Each group should have a name, location and time zone information, caller ID, and a set call distribution policy/ring pattern.
Ring groups can be reached by dialing a direct phone number or extension, or be reached based on the options the caller selected in the IVR call menu. (For example, if the customer presses “1” to be connected to the sales department, the customer’s call will be forwarded to the sales ring group.)
Admins can also choose how many rings or seconds on hold the caller will need to wait through before their call is forwarded to another member of the ring group. They can also outline a call path for unanswered calls if, for example, all agents are busy or unavailable if the call comes in after business hours.
Note that admins can add additional extensions/phone numbers to existing ring groups, reassign agents to new groups, and remove agents from existing ones.
Some software providers allow users to create an unlimited number of ring groups, while others have a set maximum per plan with the option to add on more groups for an additional fee.
Now that you understand the basics and benefits of call groups, let’s move to exploring the top providers.
Here, we’ll fill you in on the top business phone solutions that offer call groups, as well as which plan(s) the feature is available with.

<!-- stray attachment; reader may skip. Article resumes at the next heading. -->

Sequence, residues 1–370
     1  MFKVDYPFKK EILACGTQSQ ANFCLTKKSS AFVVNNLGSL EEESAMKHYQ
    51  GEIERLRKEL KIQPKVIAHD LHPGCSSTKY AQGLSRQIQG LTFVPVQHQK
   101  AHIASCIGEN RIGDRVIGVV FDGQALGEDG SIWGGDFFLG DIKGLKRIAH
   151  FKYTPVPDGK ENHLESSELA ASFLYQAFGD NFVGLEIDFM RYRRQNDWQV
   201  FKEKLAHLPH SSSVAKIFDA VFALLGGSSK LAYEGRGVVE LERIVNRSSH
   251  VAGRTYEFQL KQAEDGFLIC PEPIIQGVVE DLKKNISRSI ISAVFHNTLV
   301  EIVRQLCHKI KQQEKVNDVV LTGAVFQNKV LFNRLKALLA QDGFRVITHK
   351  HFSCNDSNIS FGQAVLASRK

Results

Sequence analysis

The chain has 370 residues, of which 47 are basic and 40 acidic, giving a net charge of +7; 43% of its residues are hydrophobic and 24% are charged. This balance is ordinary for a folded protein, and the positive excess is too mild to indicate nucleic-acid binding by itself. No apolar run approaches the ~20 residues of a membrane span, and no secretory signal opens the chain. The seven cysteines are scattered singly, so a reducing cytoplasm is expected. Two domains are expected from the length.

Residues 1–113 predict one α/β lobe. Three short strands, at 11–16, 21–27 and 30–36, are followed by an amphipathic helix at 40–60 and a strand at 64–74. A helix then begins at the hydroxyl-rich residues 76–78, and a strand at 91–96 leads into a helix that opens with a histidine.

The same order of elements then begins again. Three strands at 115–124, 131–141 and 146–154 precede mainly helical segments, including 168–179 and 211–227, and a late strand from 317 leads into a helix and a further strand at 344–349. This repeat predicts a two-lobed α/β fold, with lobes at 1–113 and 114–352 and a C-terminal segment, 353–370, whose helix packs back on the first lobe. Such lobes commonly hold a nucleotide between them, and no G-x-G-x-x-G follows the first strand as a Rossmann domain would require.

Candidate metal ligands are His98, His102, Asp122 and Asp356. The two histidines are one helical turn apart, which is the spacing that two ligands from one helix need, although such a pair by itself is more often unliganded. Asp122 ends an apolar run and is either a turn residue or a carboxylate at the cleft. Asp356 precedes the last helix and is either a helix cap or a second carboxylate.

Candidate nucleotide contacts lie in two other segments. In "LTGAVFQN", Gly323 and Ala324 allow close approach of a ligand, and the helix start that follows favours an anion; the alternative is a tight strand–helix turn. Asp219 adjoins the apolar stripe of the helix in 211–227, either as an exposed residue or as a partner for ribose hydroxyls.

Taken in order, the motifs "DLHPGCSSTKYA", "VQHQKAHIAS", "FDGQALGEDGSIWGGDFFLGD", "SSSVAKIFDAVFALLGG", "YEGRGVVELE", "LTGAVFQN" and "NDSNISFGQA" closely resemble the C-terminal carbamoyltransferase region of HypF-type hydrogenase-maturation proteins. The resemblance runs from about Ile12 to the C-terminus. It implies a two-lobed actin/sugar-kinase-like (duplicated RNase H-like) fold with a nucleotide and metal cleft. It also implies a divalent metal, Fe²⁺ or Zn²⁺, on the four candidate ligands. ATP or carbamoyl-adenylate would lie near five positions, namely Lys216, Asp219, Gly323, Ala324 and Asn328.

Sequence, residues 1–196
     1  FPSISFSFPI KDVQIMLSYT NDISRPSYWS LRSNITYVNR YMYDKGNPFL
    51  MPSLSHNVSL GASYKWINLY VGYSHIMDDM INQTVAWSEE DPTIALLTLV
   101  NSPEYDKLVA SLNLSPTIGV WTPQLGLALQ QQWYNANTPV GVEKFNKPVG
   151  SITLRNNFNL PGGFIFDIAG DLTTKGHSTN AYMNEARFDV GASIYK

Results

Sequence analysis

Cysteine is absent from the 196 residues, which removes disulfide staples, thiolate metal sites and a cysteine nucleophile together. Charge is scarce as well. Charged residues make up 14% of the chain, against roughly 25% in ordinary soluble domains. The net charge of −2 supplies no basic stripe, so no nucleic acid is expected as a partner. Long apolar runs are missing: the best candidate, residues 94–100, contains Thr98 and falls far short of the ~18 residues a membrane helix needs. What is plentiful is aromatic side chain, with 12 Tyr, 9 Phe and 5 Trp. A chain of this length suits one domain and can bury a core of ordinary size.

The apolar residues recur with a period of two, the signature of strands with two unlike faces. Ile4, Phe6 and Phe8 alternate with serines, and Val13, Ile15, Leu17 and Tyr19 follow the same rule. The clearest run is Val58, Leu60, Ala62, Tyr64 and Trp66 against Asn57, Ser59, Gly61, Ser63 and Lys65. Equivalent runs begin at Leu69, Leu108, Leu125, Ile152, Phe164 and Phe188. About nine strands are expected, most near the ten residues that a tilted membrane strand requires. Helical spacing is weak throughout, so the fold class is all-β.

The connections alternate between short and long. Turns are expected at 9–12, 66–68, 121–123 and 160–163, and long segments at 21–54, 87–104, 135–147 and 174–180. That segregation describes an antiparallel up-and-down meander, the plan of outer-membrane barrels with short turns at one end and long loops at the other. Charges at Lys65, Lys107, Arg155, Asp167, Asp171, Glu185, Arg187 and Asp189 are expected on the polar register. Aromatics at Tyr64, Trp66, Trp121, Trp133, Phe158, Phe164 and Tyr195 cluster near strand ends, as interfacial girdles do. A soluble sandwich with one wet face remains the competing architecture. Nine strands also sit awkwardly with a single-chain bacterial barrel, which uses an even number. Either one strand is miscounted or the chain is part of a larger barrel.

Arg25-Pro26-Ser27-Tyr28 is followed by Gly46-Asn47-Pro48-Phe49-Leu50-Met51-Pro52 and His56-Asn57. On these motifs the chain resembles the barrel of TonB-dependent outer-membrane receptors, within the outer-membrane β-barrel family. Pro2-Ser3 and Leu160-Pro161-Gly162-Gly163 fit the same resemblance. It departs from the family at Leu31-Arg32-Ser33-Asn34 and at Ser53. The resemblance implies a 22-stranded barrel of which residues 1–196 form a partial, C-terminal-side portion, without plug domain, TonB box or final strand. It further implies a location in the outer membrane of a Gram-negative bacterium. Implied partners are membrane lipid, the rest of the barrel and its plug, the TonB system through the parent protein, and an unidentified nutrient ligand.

Nextiva is a business VoIP and contact center solution offering ring group capabilities.
Available ring patterns include cyclical, linear, simultaneous, sequential, most idle, and weighted.
Admins can specify each group’s time zone and location, the caller ID that shows on a customer’s phone, the direct number to be dialed to reach the group, and which department the call group is within.
Advanced settings include whether or not to allow call waiting, to allow agents to enable or disable call forwarding, and setting the amount of time or number of rings after which calls will be sent to other agents within the ring group.
Nextiva also offers a call group voicemail that all agents within the group can access and respond to.
In addition to adding standard business phone numbers to a ring group, admins can also add alternate numbers like smartphones or home phones. Admins can then assign different ring patterns (called a “distinctive ring”) to each alternate number or alternate extension for even more specific call routes.